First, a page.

When people discard a mainstream religion such as Catholicism or Baptist, they often retain some belief. On a poll or census they might identify as “None” because none of the boxes available truly describes them. This gives rise to the term “nones”. If you chat with them, then you will discover that they might indeed still believe in a higher power, they simply don’t adhere to any organised religious group. This specific posting is all about Scottish belief.
A new poll done in Scotland has just been published. It reveals something quite surprising.
The Sottish Humanist Society funded the poll to find out what people actually believed. The revelation is that belief itself has declined, what is going on is not simply a rejection of organised belief, but something more fundamental.
Let’s take a closer look.
What exactly was done and who did it?
You can find a summary report here that is hosted on the Scottish Humanist website.
You can find a deeper breakdown here.
The survey funded by the Scottish Humanist Society was conducted by Survation, a British Marketing and Polling organization founded in 2007. They have a good track record for accuracy. For example, during the BREXIT vote in the UK, they conducted an exit poll that predicted that Leave would win. At the time YouGov, and Ipsos Mori predicted the UK would vote to remain in EU, Survation turned out to be spot on. For the UK general election in 2017 they also predicted a hung parliament and were mocked at the time for that, yet once again they were proven to be spot on.
For this latest poll they interviewed 1,000 people. They recognise that because of this sample size there is a potential margin of error rate of about 3.1%.
The Results – Highlights
The majority (59%) identify as Non-religious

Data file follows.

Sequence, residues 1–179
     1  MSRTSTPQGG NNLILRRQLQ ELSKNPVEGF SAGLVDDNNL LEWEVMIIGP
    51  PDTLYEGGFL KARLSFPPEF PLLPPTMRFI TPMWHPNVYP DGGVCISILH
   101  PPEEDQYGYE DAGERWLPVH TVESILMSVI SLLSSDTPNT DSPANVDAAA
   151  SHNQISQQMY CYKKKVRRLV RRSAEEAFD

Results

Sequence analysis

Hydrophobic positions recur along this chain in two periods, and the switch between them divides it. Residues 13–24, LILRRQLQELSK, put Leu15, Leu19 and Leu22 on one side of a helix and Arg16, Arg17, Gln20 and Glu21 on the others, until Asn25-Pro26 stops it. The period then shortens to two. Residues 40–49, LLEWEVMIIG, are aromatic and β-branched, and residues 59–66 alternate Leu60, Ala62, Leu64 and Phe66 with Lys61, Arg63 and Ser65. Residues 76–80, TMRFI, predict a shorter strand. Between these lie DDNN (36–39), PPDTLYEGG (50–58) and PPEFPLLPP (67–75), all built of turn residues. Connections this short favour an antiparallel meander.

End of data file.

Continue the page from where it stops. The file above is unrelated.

- This rises to just under 70% (69%) for those aged 18-24. Clearly as the population ages then the trend will continue to rise.
- Women report being non-religious in higher numbers (62%) than men (55%).
Most (51%) do not believe in life after death.
Most (53%) do no pray.
As many as 60% reported that they do not attend any kind of religious service, except perhaps when attending a funeral or a wedding.
They asked some very specific questions concerning various supernatural beliefs. This is how the numbers break down …
Clearly the population in Scotland is not simply non-religious and “spiritual”, the majority are not into even vague supernatural / spiritual beliefs.
Anybody popping up and claiming Scotland as a “Christian” nation, needs to pause and seriously reconsider that position.
Why Does this Matter?
Gordon MacRae, the Chief Executive of the Humanist Society of Scotland explained it as follows …
“These figures show how the majority of Scotland’s population do not identify with a religion nor believe in key aspects of spiritual belief. While it is important to recognise that faith plays an important part in a minority of people’s lives, the majority do not. By all measurements Scotland is no longer a faith based country – and has not been for some time.
“This is important when it comes to the provision of public services for example, providers must ensure they recognise and meet the needs of everyone – religious or not. Too often we see non-religious people’s requests for equality being dismissed as ‘militant’ or ‘anti-religious’.
“Our schools, hospitals, local authorities and others all need to seriously consider how they don’t just take a lazy assumption of faith when that fails the majority.”
What this poll does is to grant the Scottish Humanist Society good solid evidence to lobby service providers with when discussing service provision for the population.
Meanwhile in England …
In Scotland you can have a completely non-religious Humanist wedding. That’s as it should be for a nation where the majority is non-religious, and has been the case for the past 12 years. Over the border in England where there is also a vast demographic that is non-religious, yet you can’t have a Humanist wedding that will be legally recognised. Despite being promised and almost done, the plug was pulled and so the law has not been put in place. The best you can manage is to have a Humanist wedding, then for formal legal recognition, pop down to the registry office.
I simply can’t imagine why it has not been put in place in England. I’m sure having multiple C of E Bishops in the House of Lords has not in any way inspired any form of failure to do it.
It will happen, it is simply a matter of time. You can read more about it here.